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PCSNY January 26, 2022 lecture–Dan Sandweiss

January 26 @ 6:00 pm - 8:00 pm

Free

New Flavors and Old Responses: El Niño, Disaster, and Resilience on the Coast of Peru

Daniel Sandweiss,

Professor of Anthropology and Quaternary and Climate Studies,
Cooperating Professor of Earth and Climate Sciences and Global Policy, University of Maine

“Evidence” of El Niño discovered near Punta Balcones on Peru’s far north coast.

Photo by Daniel H. Sandweiss

Abstract: El Niño is a recurrent perturbation of world class. Although centered in the Pacific Basin, it influences much of global climate, even the northeast US where winters tend to be warmer during canonical events. In the Pacific, the Peruvian coast is one of the regions most negatively affected. Normally a desert, the torrential rains brought by El Niño destroy the irrigations systems on which normal agriculture depends, while warming ocean waters reduce the biomass of what is usually one of the world’s greatest fisheries. We now know that El Niño has multiple flavors, each with it’s own set of challenges for Peru and elsewhere. These events aren’t new: they have been around for much longer than people have been in the New World, but their frequency and intensity have changed over time. In this talk, I will summarize what we know about El Niño’s presence over the last 15 millennia during which humans have been in Peru. I will also discuss some of the possible effects of El Niño frequency change on cultural development in the region and review the latest studies on how pre-European inhabitants met the challenges of El Niño and prospered over the long run despite them.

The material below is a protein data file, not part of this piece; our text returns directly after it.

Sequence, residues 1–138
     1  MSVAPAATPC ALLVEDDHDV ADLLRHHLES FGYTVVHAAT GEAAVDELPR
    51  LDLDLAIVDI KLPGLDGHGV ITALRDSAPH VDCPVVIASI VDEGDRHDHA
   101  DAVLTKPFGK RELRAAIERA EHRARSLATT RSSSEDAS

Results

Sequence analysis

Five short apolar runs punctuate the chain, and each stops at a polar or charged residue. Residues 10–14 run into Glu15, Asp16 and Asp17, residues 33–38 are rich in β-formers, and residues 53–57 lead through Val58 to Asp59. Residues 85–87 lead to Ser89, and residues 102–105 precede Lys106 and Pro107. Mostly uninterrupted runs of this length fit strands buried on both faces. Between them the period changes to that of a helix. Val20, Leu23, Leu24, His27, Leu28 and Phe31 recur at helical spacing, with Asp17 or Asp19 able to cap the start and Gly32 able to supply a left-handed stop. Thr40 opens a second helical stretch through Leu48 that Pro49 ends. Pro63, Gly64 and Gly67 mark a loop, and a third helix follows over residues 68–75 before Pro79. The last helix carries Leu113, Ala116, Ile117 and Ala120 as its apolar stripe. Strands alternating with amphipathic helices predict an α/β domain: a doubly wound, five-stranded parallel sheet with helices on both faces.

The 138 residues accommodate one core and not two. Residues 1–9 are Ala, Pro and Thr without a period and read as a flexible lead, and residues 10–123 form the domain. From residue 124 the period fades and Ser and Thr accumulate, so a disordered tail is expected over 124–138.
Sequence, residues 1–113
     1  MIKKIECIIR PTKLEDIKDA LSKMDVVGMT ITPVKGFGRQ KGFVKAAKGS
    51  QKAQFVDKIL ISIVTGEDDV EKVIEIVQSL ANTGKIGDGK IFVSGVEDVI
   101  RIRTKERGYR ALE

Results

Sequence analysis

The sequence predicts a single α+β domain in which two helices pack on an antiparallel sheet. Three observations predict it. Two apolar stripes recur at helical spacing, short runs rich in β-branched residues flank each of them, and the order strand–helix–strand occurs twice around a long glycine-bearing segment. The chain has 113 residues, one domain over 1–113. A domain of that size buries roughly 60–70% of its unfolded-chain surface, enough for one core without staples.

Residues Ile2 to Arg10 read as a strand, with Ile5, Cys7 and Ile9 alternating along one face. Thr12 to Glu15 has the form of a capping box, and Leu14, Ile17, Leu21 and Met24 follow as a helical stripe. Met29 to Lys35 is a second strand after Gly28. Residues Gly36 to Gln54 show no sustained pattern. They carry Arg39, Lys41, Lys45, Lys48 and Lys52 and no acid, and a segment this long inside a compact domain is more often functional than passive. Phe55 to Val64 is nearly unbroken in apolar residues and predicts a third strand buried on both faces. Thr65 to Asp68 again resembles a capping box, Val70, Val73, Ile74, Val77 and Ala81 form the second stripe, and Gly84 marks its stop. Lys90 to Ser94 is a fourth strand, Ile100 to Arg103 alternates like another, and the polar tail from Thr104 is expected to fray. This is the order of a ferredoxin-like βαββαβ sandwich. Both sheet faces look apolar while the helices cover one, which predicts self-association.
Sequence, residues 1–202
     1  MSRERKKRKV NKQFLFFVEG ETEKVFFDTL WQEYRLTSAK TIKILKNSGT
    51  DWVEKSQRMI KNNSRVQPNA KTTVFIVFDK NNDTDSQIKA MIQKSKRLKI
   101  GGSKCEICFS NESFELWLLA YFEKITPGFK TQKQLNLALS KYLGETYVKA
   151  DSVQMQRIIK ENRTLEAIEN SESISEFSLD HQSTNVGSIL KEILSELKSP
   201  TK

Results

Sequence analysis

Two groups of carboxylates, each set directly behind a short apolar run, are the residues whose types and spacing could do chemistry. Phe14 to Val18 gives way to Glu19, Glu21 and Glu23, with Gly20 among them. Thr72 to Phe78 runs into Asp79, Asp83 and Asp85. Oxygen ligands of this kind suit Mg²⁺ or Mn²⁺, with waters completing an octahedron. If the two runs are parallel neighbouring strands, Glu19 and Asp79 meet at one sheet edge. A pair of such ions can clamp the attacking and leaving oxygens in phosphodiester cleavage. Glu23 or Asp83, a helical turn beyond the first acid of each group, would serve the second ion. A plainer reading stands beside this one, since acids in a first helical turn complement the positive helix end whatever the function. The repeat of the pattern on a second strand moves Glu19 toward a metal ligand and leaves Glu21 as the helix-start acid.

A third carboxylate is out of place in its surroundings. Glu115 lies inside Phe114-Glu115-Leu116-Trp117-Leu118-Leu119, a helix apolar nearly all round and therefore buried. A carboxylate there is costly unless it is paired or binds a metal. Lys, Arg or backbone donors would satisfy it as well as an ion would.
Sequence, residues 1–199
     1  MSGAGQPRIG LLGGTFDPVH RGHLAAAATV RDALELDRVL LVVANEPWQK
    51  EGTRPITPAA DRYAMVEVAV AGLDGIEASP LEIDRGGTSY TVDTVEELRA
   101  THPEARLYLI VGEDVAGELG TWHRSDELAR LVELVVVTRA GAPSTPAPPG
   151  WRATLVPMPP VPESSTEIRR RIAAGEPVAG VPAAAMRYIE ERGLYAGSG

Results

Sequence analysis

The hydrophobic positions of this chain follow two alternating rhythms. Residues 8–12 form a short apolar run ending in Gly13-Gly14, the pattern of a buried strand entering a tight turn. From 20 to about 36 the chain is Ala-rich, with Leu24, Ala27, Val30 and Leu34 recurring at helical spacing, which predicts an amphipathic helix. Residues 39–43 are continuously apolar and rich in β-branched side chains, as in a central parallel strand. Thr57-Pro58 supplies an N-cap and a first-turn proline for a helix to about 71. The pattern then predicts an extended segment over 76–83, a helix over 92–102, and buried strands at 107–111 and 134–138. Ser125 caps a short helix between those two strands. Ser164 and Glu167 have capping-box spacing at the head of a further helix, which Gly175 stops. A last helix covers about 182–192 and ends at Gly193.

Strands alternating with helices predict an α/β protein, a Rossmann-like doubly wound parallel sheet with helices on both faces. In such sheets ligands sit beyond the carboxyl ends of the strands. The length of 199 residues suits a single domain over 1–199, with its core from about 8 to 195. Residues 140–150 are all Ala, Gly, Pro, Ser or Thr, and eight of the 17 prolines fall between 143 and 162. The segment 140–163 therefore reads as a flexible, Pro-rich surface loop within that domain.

Wednesday, January 26, 2022

6:00 pm  EST via Zoom

Institute of Fine Arts–NYU

REGISTER HERE TO ATTEND

Details

Date:
January 26
Time:
6:00 pm - 8:00 pm
Cost:
Free

Organizer

Pre-Columbian Society of New York